“If you asked me two or three years ago I would have said, ‘No, I’ll never start a business.”

                         — Anna Hutson                    

Anna Hutson never thought of herself as an entrepreneur. Her parents, who adopted Anna from South Korea as a child, held long-term jobs for as long as she can remember. Her mother was a librarian; her father worked for the county. So when Anna quit a good job at a large creative marketing agency to start Avenue, she admits her parents were concerned. In fact, “They still are,” she says, and laughingly adds, “and probably should be.”

Anna had been working in digital marketing and advertising ever since she moved to Portland in 2008. She realized that neither the large nor smaller agencies she had worked at inspired her on a personal level, and the volunteerism and community connection that she had always valued were not a part of her work life.  

In March 2016 Anna took the plunge and founded Avenue, seeing the business as a platform to have a bigger voice. As a small company new to the game, she recognized the need for a conservative approach to her end goal of serving 100 percent community-minded clients. She has accepted work that comes her way but proudly notes that in the past year she’s been able to turn down potential clients whose values were not aligned with Avenue’s dedication to community impact.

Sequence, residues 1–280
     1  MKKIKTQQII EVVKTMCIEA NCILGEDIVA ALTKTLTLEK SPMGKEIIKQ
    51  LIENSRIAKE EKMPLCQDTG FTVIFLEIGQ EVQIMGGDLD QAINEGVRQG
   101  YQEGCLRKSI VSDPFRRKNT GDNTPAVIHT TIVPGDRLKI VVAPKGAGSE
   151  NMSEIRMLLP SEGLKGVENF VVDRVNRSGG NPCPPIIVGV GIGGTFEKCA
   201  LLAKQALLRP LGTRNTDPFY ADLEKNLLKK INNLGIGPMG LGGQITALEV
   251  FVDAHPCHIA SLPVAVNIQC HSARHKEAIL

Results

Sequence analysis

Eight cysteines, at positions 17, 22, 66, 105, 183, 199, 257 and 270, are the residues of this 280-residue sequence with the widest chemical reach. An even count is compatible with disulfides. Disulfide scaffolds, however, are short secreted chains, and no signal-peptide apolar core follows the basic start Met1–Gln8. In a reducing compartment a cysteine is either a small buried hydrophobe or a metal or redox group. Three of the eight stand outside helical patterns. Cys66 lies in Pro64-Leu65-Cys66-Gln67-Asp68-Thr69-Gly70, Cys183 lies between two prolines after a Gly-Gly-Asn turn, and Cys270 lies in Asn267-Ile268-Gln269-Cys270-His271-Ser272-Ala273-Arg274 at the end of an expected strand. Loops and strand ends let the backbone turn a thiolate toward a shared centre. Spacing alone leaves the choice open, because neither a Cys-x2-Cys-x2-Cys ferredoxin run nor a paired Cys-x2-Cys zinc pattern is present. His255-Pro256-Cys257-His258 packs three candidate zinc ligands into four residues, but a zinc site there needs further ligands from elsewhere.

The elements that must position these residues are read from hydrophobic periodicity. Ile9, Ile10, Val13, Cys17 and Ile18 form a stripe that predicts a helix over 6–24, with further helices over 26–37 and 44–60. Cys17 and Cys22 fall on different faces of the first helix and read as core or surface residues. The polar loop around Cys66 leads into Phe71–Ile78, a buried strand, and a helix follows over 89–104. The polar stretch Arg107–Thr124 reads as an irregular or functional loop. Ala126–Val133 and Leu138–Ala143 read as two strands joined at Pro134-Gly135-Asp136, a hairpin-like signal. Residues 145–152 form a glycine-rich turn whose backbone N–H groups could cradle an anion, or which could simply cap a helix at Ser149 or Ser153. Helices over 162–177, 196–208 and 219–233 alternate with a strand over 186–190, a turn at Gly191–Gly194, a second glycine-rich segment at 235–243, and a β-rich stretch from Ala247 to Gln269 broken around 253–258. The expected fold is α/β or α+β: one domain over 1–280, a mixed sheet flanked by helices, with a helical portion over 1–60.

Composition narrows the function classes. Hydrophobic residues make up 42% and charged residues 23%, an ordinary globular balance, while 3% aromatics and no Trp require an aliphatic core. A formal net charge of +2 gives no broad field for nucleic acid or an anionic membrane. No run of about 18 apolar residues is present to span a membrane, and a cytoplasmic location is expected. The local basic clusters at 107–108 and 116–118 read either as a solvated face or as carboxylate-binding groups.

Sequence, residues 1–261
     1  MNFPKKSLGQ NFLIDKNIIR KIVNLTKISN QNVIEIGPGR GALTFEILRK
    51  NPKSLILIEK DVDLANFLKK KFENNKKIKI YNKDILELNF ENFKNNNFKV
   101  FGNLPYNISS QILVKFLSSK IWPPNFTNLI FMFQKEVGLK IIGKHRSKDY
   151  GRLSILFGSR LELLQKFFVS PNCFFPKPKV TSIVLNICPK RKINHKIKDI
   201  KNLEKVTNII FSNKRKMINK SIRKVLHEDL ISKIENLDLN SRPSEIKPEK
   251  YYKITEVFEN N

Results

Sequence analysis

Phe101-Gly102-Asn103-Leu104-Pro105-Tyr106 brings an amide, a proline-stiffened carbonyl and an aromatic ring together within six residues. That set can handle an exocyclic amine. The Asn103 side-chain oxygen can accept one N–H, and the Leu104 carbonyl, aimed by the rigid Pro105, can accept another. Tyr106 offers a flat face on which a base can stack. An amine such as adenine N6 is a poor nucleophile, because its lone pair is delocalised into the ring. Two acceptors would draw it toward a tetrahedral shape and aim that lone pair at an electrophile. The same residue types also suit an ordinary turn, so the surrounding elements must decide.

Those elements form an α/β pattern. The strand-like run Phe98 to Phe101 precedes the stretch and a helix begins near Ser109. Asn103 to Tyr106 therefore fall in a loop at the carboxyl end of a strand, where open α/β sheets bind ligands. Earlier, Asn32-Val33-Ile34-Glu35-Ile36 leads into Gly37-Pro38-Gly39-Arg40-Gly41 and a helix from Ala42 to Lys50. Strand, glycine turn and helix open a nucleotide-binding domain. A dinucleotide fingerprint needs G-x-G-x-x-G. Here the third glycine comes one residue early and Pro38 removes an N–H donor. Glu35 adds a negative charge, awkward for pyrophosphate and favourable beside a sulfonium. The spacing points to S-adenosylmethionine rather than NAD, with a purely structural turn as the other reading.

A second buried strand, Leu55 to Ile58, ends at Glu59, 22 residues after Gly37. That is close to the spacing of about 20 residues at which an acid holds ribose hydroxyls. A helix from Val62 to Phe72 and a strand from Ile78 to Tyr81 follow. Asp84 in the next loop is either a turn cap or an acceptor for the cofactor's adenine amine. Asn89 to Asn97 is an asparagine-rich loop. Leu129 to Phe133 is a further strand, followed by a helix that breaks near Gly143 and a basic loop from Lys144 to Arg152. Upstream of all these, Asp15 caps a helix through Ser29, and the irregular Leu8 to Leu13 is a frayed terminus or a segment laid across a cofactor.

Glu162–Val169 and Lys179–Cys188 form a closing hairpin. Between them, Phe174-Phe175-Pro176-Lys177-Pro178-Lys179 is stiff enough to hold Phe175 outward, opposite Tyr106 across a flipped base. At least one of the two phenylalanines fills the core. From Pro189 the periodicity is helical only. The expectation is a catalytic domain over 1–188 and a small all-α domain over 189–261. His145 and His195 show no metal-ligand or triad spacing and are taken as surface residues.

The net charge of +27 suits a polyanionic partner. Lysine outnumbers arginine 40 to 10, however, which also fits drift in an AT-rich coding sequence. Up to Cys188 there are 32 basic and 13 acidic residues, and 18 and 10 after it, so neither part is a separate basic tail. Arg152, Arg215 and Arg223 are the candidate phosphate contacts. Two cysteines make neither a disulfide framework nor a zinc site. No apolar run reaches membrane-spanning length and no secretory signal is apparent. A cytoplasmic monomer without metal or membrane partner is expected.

Soon after starting Avenue she discovered B-Corps, a for-profit business model certified to meet rigorous standards in social accountability with the motto, “Business as a force for good.” She connected with this values-driven model that she could build Avenue around and proudly received her B-Corp certification in December 2017. Also in 2017, Avenue’s second year in business, the Portland Business Journal recognized Anna’s accomplishments with its  prestigious Forty Under Forty award for her ongoing efforts as a Volunteer Reader and Governing Board Member for SMART (Start Making a Reader Today).

Having grown up in Seattle, Anna views Portland as collectively forward-thinking but with a long way to go in terms of diversity. Her advice for people of color starting or running a business in Portland? Business for a Better Portland and APANO are both great organizations to connect with other minority (women and people of color) business owners. And she encourages people to take advantage of programs specifically earmarked for minority business owners, like access to capital and education.

Storyteller: Kjell Van Zoen | Photos: Kim Nguyen | Published: March 2018

Avenue Agency